Why Calf Stretches Prevent Running Injuries

Did you know that totally free calf stretches could save you pain? And money? Yup, it's true! I see so many patients in my Houston podiatry practice with tight calf muscles, plus foot and ankle pain. Often, the pain is so bad that they need surgical relief. Because, once certain conditions reach advanced stages, surgery is the only treatment option. That's especially true for runners. They put so much pressure on their tight supportive muscles. And often push through that pain. Calf stretches can relieve Achilles tendon pain

When you run, so many supportive muscles get involved. Your feet take a pounding. But so do your glutes, hamstrings and needs. Then, there's your calves. These muscles can get tight when you run. And that tightness often leads to pain and running injuries.

That’s why I wish more of my patients would embrace calf stretches! So, today, I'll take you through the reasons you need to stretch your calf muscles. And the best way to do it if you want to prevent injuries.

Why Calf Stretches Offer Pain Relief

Here's the story. Podiatrists and orthopedic surgeons know: most plantar fasciitis cases have one source. And that source is calf muscles that pull on your plantar fascia. That's why calf stretches are so great for pain relief.

First, keep in mind. Your calves actually have two main muscles. These are the larger gastrocnemius and, beneath that, your soleus muscles. In combination, your calves help you walk and run by pushing your feet off the ground.

That's part of why healthy calves are crucial for runners. Especially if you aren't cross-training. Since that could mean you're dealing with weak glutes. Or if you don't warm up with dynamic stretches, since that could result in tight hip flexors.

With either of those problems, your calves have to pick up the slack. Meaning they get to work every time your feet leave the ground. And if you stride a lot, you could develop overuse injuries like plantar fasciitis.

One way to combat those injuries? Stretch out your calves. But if you don't take that step, calf pain isn't all you'll experience. In fact, tight calf muscles impact surrounding body structures. So you may develop injuries such as:

  • Achilles tendon pain, since it gets inflamed from the tugs of tight calves.
  • Plantar fasciitis, inflammation of a tissue band that runs from your heel to your foot. (See above)
  • Metatarsalgia, or inflammation that causes ball of foot pain.

Luckily, you can avoid most of these injuries with one simple move. What is it? You've probably guessed: always-free calf stretches!

Injury Prevention with Calf Stretches

A simple calf stretch like this one can help you stay away from foot surgery

One simple way to loosen up your calf muscles is to improve flexibility. And if you want to do that, you may choose to buy a slant board. This is a flat surface that's set at an angle (or slant.) So when you stand on it, your calf stretch begins right away. Even before you start moving. That's why many physical therapists recommend standing on this board every day. For at least three minutes, so your calf muscles get a stretch.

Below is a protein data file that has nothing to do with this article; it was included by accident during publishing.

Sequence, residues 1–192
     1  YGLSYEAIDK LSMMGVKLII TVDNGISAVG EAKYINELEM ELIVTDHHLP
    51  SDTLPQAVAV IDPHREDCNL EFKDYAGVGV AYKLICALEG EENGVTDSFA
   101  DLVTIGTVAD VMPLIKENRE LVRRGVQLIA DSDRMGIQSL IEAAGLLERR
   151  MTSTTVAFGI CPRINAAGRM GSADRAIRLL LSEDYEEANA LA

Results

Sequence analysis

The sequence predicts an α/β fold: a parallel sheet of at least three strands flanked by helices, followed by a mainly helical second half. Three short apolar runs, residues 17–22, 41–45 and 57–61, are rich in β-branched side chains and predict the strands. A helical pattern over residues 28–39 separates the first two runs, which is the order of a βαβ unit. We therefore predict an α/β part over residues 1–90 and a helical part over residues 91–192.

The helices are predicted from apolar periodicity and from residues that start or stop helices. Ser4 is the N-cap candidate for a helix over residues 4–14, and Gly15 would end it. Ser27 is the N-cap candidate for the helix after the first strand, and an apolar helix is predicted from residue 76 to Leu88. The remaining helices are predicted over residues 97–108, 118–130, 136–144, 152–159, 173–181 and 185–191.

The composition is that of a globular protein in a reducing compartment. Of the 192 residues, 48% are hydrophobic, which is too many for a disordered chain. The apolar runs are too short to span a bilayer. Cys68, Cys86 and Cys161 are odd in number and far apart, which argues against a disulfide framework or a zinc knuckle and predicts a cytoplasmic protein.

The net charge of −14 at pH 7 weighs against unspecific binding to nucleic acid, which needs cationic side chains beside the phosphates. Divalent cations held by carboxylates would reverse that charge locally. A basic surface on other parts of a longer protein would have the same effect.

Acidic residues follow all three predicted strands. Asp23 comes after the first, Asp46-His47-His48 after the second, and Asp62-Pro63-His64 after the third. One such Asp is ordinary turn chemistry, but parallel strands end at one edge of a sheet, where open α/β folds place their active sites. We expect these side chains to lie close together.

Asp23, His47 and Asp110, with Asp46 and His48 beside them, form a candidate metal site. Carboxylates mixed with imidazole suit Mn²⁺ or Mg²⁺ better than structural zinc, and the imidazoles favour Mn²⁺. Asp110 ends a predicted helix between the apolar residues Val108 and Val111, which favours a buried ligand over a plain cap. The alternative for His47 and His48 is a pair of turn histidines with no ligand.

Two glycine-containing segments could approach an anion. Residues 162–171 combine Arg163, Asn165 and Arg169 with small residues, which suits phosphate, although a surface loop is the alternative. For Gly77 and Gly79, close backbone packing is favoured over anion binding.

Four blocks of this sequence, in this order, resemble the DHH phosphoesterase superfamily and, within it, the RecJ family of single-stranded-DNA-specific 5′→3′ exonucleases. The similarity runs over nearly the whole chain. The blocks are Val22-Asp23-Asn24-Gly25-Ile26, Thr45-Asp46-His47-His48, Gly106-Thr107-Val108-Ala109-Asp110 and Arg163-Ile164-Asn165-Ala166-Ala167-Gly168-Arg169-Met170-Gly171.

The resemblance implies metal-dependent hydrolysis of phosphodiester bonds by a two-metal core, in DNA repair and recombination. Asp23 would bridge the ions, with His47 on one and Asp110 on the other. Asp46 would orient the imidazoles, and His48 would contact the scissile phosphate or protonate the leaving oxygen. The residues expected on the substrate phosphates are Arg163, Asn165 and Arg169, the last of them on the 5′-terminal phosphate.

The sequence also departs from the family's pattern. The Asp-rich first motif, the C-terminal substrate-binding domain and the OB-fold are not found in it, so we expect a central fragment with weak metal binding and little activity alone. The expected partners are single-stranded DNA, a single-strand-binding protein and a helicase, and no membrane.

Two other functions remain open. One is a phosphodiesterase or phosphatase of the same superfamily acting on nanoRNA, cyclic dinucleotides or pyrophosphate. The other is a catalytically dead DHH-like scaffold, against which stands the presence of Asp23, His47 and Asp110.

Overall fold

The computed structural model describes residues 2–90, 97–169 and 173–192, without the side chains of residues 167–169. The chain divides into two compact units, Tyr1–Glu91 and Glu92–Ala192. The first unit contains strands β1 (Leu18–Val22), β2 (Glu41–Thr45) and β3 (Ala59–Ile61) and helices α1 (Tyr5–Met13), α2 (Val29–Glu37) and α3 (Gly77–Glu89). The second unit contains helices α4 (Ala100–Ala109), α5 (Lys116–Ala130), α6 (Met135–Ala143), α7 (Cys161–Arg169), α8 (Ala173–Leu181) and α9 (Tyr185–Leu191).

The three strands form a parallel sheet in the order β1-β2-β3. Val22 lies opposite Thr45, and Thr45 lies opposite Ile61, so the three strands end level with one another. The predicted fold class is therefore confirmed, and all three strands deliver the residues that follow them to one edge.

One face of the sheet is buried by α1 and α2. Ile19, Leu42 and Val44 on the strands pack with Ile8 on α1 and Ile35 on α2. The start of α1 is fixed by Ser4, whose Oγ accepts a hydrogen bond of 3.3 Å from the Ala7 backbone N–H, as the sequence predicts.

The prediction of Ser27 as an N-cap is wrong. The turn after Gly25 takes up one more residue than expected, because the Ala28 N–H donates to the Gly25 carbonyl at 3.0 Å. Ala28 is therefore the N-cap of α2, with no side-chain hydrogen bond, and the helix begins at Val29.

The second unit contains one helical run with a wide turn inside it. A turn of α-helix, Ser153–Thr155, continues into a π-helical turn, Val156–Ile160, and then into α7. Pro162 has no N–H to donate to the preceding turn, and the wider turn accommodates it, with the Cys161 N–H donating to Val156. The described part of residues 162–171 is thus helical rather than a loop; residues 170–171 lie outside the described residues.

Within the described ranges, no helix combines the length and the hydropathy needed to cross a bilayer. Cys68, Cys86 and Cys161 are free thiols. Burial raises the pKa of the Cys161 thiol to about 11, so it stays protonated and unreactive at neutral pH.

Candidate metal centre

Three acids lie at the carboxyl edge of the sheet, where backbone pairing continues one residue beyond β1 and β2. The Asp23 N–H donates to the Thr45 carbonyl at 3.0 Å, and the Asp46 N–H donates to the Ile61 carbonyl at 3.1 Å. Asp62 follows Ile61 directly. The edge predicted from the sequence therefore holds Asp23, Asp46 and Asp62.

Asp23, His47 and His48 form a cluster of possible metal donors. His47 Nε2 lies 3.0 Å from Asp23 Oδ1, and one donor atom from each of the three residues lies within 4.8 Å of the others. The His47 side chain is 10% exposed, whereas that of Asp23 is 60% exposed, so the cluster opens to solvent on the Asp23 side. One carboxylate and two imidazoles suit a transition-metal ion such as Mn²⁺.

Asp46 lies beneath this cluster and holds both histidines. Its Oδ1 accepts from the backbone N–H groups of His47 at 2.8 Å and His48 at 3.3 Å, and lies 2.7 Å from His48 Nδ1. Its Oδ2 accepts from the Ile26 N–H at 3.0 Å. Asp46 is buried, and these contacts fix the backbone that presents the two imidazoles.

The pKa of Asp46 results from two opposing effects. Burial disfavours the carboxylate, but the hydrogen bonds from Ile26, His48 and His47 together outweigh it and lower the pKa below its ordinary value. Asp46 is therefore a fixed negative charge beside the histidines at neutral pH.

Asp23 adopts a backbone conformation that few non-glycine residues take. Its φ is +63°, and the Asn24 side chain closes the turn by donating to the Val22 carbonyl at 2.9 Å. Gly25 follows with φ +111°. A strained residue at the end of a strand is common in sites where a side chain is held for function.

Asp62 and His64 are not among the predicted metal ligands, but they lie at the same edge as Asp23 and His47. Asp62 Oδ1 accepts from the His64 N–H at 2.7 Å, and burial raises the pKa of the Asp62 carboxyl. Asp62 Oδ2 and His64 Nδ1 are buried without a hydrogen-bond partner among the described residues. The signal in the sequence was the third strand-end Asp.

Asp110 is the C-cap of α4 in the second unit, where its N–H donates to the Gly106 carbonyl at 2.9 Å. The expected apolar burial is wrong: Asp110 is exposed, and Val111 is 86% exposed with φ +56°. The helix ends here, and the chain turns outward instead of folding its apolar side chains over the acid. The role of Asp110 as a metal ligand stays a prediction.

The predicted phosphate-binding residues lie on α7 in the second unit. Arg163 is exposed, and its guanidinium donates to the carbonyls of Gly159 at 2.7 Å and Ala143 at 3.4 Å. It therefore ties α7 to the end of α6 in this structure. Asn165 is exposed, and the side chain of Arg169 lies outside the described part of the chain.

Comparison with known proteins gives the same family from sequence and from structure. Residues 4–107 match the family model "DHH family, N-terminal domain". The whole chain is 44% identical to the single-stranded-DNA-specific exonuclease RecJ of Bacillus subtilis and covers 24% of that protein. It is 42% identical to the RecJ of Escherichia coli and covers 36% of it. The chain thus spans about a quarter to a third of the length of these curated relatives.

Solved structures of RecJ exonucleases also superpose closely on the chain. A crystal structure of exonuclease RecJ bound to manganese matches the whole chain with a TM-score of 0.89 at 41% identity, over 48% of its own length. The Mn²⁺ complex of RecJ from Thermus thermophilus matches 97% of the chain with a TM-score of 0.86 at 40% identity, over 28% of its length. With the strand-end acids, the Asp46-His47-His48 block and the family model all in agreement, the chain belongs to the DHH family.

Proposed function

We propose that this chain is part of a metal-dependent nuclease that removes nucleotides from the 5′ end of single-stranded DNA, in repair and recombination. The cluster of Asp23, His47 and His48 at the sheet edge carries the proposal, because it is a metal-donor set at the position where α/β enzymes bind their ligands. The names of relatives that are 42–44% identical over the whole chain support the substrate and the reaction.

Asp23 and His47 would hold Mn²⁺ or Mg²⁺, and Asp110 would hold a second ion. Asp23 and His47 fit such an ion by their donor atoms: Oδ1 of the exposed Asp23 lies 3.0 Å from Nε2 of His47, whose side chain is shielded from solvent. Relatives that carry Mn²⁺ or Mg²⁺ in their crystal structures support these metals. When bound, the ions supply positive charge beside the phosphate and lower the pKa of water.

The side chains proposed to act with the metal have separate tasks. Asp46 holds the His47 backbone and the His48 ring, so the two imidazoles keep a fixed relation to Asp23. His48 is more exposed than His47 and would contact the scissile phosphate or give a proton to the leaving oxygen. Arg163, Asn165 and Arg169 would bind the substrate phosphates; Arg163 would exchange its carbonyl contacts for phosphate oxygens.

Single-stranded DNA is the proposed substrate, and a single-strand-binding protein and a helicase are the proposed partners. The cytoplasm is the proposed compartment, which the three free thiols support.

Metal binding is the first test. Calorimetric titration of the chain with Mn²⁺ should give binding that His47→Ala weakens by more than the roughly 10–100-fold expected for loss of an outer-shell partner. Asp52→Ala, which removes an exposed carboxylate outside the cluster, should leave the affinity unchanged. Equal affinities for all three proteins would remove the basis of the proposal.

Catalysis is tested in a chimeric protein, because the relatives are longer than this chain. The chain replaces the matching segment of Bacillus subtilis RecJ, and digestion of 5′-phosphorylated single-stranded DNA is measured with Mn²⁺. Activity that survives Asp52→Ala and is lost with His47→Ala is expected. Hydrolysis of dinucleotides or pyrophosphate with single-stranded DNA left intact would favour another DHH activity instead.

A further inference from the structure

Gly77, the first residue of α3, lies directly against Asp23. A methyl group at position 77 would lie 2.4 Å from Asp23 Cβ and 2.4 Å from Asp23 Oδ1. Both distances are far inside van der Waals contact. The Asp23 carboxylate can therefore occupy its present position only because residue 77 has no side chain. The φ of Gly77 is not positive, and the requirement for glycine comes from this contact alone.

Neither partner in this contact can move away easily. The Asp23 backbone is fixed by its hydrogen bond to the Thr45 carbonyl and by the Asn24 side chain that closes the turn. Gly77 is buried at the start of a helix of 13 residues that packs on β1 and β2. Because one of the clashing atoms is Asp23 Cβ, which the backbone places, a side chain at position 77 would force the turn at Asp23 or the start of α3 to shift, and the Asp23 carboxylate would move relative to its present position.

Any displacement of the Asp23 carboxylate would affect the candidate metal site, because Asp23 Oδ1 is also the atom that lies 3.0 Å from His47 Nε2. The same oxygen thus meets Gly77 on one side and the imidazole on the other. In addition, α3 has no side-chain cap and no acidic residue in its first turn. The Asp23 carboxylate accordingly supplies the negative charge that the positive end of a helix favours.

Or, grab a simple strap (as seen on the right.) Loop the strap around your foot, flex your toes upward, and gently tug the strap towards your chest. Hold for 30 seconds and repeat three times on each side. 

Not into buying more stuff? I'm with you (I rolled with Marie Kondo like everyone else.) But here's the good news: there are effective calf stretches that need zero equipment. This is one of my favorites!

Equipment Free Calf Stretches

Ready to stretch your calves and prevent injury? Let's get started. First, put your hands against the wall. Any wall will do.

Then, move one leg behind you and try to push off. Drive your big toe into the ground while you do so. Not feeling enough of a stretch? No worries. You can take this stretch up a notch by sticking a small wedge under your big toe. Once you've got the perfect amount of stretch, hold your position for at least 30 seconds. Do three stretches on one side, then switch to your other side.


When to Stretch Your Calf Muscles

As a podiatrist, I know that stretching can't prevent every foot and ankle injury. But if you stick to a solid routine, you'll get more calf stretching benefits.

What should that routine look like, in an ideal world? Aim to stretch your calves every day. And try to spend three minutes on each session, three times each day, for a total of nine minutes. (To help you out on math, do the routine I described above. Three times a day. And you'll hit that target.)

If you're not stretching at all right now, nine minutes of daily stretching seems like a lot. After all, even dedicated stretchers usually stop after a minute. But if you think about the injury prevention potential, nine minutes isn't that bad. Actually, it's a lot better than wasting hours, days or months in pain. And unable to do what you love, because you're injured.

Correct me if I'm wrong, but isn't nine minutes a day worth the reward of fewer foot problems? I say, give it a shot! If all you have to lose is foot and ankle pain, you’ll come out of the equation a winner, no matter how you look at things.

Already dealing with heel pain or ball of foot pain? Make your Houston podiatrist the pain relief destination! Schedule an appointment today, before minor pain becomes a major injury, requiring surgery.

 

 

Dr. Andrew Schneider
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A podiatrist and foot surgeon in Houston, TX.